Some of the accolades we routinely use to evaluate the quality of NBA players’ careers are MVP awards, All-NBA selections, All-Star Game appearances and other postseason awards. In real time, we may question what criteria the people who voted on these awards were implementing while submitting their ballots, but when reflecting on the careers of the players years and decades after the fact, we simply accept the granting of the awards and spout off the list of honors bequeathed to a player as if they were earned outright rather than voted on by people whose opinions could be easily swayed.
If you find yourself annoyed because your favorite NBA player has been consistently denied a spot in the league’s All-Star Game, you’re correct to feel that way. I don’t need to know the particulars behind the snub, nor the statistics of the player in question to affirm that he has every right to feel slighted, at least in a historical sense.
Without question, it’s more difficult to be selected to appear in the NBA All-Star Game now than in any other time in the history of the league. This means that when eras are compared, and accomplishments are catalogued, every modern player receives the short end of the stick when juxtaposed with players from past eras. Historically speaking, at least 50 players get snubbed each year, and all you must do to recognize this fact is to examine the procedures behind the selection of the first decade of NBA All-Star Game participants.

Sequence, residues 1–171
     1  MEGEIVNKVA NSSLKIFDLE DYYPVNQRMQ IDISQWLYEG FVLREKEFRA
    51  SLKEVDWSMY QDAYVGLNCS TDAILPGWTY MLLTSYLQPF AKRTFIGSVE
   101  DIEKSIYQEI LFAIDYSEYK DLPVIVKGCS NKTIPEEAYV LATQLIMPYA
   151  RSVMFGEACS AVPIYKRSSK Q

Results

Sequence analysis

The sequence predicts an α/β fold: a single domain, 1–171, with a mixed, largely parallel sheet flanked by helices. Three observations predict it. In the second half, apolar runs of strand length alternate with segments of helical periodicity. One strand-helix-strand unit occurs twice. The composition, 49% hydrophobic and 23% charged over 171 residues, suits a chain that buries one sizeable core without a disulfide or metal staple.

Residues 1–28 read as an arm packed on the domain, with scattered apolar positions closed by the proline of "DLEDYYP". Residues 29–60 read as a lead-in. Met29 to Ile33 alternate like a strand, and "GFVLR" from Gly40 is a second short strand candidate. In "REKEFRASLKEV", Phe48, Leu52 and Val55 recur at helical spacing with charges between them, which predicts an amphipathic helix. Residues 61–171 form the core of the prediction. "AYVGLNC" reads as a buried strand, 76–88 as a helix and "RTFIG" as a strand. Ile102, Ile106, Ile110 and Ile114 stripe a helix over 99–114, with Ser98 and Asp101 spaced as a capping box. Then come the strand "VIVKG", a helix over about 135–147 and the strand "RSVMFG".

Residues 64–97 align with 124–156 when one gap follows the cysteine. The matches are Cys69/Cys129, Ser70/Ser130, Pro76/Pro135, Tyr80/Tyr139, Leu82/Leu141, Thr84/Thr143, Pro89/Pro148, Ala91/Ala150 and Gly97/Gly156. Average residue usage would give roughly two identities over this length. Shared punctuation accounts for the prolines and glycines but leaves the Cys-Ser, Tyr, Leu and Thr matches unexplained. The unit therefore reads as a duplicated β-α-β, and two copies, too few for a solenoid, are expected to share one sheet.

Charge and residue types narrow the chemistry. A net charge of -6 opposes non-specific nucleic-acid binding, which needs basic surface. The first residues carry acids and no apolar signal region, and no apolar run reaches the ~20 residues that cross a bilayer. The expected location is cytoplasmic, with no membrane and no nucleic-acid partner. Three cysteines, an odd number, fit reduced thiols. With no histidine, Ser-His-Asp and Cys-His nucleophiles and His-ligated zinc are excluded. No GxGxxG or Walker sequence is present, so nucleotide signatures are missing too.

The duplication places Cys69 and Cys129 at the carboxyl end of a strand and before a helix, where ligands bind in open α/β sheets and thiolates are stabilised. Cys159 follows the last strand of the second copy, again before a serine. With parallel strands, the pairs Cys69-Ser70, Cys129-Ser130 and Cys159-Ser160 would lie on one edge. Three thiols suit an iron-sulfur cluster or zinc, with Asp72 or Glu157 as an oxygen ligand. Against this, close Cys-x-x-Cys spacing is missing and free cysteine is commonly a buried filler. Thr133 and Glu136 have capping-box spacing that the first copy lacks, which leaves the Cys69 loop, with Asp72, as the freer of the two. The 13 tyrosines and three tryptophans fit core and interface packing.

The rosters for the NBA’s first All-Star Game in 1951 were selected by sportswriters, telecasters, and other media. The players were also chosen without regard for position. In total, 22 players were elevated to All-Star status that season from the rosters of the fledgling league’s 11 teams. Without having much else to go on other than a stat sheet, media members selected each of the NBA’s 16 most prolific scorers, along with leading scorers number 18, number 19, and number 21. They also selected Dick McGuire to the team, ostensibly for leading the league in assists at the time.
The fact that early All-Star selections appear to have been made solely on the basis of raw statistical productivity and without much nuance is a story in and of itself. However, in an era where players receive financial bonuses and have Hall-of-Fame candidacies bolstered by All-Star designations, the All-Star label carries more meaning than its originators could’ve fathomed at the moment they envisioned putting together an All-Star event to attract attention for the league.
Consider the following numbers: In 1951, the NBA consisted of 11 rosters of 12 players apiece. Therefore, by declaring that 22 players would be selected to the All-Star Game, the league established that more than 16 percent of the NBA’s 132 players would receive the All-Star designation.